In hindsight, I might’ve take one of the three starters listed below instead of Greene – King, especially.

Also considered: Merrill Kelly, Chris Bassit, Michael King, Paul Sewald

Round 9 – Jordan Romano (RP) – TOR

Truth be told, I was hoping one of Andres Munoz or David Bednar would slide to me here at the end of round eight/start of round nine. That didn’t work out as both were taken late in the eighth-round just prior to my wheel picks.

Romano has a nice team situation and felt like the best available closer. His K%-BB% has slid in each of the last few seasons which is cause for concern.

Also considered: Merrill Kelly, Chris Bassit, Michael King, Paul Sewald

Round 10 – Gabriel Moreno (C) – ARZ

It’s round 10 and I still don’t have a backstop. Gabriel Moreno provides a good OBP, should get double-digit homers and sprinkle in some stolen bases. I love the team context and mini Diamondbacks stack with Christian Walker already in the fold. I felt this was a good value at this point in the draft for a high-pedigree catcher on the rise.

The selection of Moreno came at the end of a run on catchers so I felt it was a timely selection.

Also considered: Christopher Morel, Riley Greene, Anthony Santander, Hunter Brown

Round 11 – Jackson Chourio (OF) – MLW

Similar to Mixed LABR, I was hoping to grab Wyatt Langford around this point in the draft. However, Langford’s Spring performance caused him to start moving up draft boards quickly. I pivoted to who I felt was the next best prospect available in Jackson Chourio.

Chourio signed the big, team-friendly extension and should be in-line for an Opening Day spot on the Brewers’ roster patrolling CF. Although he may not have the high OBP that we’re looking for in this format, he can put balls over the fence and swipe a bunch of bases. Although a 15/20 season may be more reasonable, I’m hoping for a 20/20 (or 20/30) season from one of baseball’s top prospects.

Also considered: Christopher Morel, Riley Greene, Anthony Santander, Hunter Brown

Round 12 – Yu Darvish (SP) – SDP

An aging starter that’s seen his K%-BB% in steadily decline over each of the last three seasons and some injury issues to boot? Sign me up. Still filling out this starting rotation and felt like Darvish would be just the oatmeal this team could benefit from.

Also considered: Lars Nootbar, Shota Imanaga, Ryan Pepiot, Nate Lowe

Round 13 – Tyler O’Neill (OF) – BOS

New city, same biceps. Tyler O’Neill landed in Boston this offseason in a deal with the Cardinals. He’s projected to hit fifth in what should be a good lineup. A power/speed combination guy that should provide a nice OBP felt like a great value in the 13th round as my third outfielder.

Also considered: Lars Nootbar, Shota Imanaga, Ryan Pepiot, Nate Lowe

Round 14 – Jonah Heim (C) – TEX

In serious need of a second catcher at this point. Mostly looking for a backstop who’ll get the bulk of their team’s at-bats and contribute to a few categories while minimizing damage as best as possible. Heim won’t be the best OBP backstop out there but projections like him to get 15+ homers and 110-120 R+RBI in a potent lineup for the reigning World Series Champions.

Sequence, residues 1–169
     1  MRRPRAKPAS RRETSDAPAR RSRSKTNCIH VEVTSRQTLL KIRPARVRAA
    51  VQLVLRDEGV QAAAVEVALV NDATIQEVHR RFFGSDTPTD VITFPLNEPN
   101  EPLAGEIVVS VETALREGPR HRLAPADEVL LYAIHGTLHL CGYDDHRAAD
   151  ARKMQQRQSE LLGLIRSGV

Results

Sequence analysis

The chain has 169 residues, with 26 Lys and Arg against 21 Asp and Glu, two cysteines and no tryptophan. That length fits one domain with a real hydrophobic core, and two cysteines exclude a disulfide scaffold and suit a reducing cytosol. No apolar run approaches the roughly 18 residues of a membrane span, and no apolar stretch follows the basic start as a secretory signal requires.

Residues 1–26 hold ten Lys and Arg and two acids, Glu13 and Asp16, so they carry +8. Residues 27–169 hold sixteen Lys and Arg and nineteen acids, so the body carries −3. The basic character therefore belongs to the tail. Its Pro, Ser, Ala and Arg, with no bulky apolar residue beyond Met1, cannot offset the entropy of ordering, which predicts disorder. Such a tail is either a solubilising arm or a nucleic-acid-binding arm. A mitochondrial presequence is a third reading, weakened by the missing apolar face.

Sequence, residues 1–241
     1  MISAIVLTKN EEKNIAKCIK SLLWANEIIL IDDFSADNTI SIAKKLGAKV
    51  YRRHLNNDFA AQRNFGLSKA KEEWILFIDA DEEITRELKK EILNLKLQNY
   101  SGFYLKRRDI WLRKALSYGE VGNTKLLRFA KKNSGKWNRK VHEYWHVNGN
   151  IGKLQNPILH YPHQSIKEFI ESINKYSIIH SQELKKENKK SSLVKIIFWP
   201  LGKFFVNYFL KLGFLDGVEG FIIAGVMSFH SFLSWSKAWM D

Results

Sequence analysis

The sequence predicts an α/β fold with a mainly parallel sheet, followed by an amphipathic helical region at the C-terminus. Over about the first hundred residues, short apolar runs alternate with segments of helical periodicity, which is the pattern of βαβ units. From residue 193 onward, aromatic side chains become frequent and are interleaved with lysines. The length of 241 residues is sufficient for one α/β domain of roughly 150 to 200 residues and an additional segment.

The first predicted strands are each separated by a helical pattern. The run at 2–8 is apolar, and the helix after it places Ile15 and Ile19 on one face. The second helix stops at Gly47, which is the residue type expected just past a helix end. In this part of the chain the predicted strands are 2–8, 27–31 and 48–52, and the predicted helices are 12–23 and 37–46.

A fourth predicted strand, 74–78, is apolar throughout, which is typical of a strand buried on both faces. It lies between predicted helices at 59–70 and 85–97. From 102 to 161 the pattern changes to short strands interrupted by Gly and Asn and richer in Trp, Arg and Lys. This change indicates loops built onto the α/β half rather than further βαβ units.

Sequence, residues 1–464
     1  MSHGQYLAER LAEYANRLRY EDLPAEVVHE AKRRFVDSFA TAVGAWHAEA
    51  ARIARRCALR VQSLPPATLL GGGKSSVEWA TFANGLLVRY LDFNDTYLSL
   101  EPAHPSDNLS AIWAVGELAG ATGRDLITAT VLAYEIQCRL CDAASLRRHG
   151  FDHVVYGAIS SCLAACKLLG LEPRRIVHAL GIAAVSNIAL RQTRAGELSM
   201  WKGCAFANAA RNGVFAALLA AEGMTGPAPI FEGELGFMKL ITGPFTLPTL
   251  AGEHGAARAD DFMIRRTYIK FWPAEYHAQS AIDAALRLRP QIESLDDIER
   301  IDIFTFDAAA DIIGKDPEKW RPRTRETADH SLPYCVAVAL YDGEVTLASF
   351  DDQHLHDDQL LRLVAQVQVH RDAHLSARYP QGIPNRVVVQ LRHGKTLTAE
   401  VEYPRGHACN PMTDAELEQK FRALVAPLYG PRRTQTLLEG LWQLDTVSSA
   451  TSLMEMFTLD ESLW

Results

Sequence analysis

Also considered: Byron Buxton, Brayan Bello, Starling Marte, Tristan McKenzie 

Round 15 – Daulton Varsho (OF) – TOR

We were all paying early round picks on Varsho last season due to his power/speed combo and catcher eligibility. He struggled quite a bit in his first season in Toronto and lost the catcher tag. However, he still posted 36 HR+SB and played 158 games. There may not be as many at-bats coming his way this season but the power/speed combo still appealed to me as my fourth OF in round 15. Let’s run!

Also considered: Byron Buxton, Brayan Bello, Starling Marte, Tristan McKenzie 

Instead of writing up the final 35 rounds, here are some highlights I think are worth mentioning:

SP – Taj Bradley, Seth Lugo, Dean Kremer, Paul Skenes, Jordan Hicks, Michael Soroka, Clayton Kershaw, Robbie Ray, Ross Stripling, Martin Perez, David Peterson, Dustin May and Randy Vasquez.

Injured starters all over the place. If Kershaw, Ray and May come back with strong summers this would be a huge boost to this staff. Time will tell. Bradley (on the IL, now) seemed like a good value. Lugo, Kremer Stripling are super vanilla picks – just trying to stack some innings. Upside with Skenes, Hicks and Soroka depending on when the Pirates’ top prospect arrives (after super-two?) and how Hicks/Soroka do with their new clubs.

RP – Robert Stephenson, Bryan Abreu, Scott Barlow, Erik Swanson, Lucas Sims, Tyler Rogers and Josh Sborz

Some handcuffs (Barlow/Swanson) for the closers I already drafted and some other closers with steady ratios and chances for saves (Stephenson/Abreu/Sims/Rogers and Sborz).

IF – Carlos Correa, Luis Rengifo, Ryan Mountcastle, Brendan Rogers, Alex Kirilloff (1B/OF), Wilmer Flores (1b/3B), Enrique Hernandez (2B, SS, OF), Tom Murphy, Kyle Higashioka, Oswaldo Cabrera and Nicky Lopez.

This group is a mix of steady veterans with job and players with multiple position eligibility. Correa, Mountcastle and Rogers are my favorite of the bunch at their respective points in the draft. And it’s always important to have versatile players to plug in during the season as players get tired or injured.

OF – Andrew Benintendi, Alex Kirilloff, Harrison Bader, Dylan Crews, Jurickson Profar

Mostly the same theme with this group. Veterans who should get plenty of at-bats and contribute a bit throughout the five categories. Then you have super prospect Dylan Crews of the Washington Nationals who may or may not see time in the first-division this season.


Hard not to love a team you drafted when you’re able to select Ronald Acuña, Jr. I feel like I did a nice job drafting a balanced offense – should all stay healthy, my projections believe I should be a threat in the runs, RBI, HR and SB categories, although I may be a bit light in the OBP. There is upside as well with de la Cruz, Chourio and Crews later on.

I was able to secure plenty of depth around the infield/outfield but I’m sure they’ll be some points in the season when I struggle to fill out all of my roster spots. It always seems to happen in this format.

My pitching staff seems to be my weak link. There’s depth and upside when players return from the IL, but in general, it lacks the impact ace that most other teams have. You hate to bank on Skenes, Ray, Kershaw and May but here we are. I suppose we’re praying for a healthy return from those guys for a strong second half for a run at the title.